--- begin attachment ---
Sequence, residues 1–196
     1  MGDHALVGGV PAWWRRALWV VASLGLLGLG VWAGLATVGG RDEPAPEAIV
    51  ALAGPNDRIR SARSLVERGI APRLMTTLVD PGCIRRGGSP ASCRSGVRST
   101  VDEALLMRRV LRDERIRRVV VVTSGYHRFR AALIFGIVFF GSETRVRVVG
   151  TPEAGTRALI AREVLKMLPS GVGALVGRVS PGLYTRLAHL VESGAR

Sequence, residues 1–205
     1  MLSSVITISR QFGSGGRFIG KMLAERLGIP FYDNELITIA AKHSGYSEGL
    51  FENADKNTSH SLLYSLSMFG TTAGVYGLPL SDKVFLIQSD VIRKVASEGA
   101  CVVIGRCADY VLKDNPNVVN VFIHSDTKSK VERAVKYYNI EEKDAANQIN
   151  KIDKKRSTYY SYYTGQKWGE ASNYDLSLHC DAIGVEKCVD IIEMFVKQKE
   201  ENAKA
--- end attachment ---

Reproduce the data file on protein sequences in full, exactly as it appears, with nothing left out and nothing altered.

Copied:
Sequence, residues 1–196
     1  MGDHALVGGV PAWWRRALWV VASLGLLGLG VWAGLATVGG RDEPAPEAIV
    51  ALAGPNDRIR SARSLVERGI APRLMTTLVD PGCIRRGGSP ASCRSGVRST
   101  VDEALLMRRV LRDERIRRVV VVTSGYHRFR AALIFGIVFF GSETRVRVVG
   151  TPEAGTRALI AREVLKMLPS GVGALVGRVS PGLYTRLAHL VESGAR

Sequence, residues 1–205
     1  MLSSVITISR QFGSGGRFIG KMLAERLGIP FYDNELITIA AKHSGYSEGL
    51  FENADKNTSH SLLYSLSMFG TTAGVYGLPL SDKVFLIQSD VIRKVASEGA
   101  CVVIGRCADY VLKDNPNVVN VFIHSDTKSK VERAVKYYNI EEKDAANQIN
   151  KIDKKRSTYY SYYTGQKWGE ASNYDLSLHC DAIGVEKCVD IIEMFVKQKE
   201  ENAKA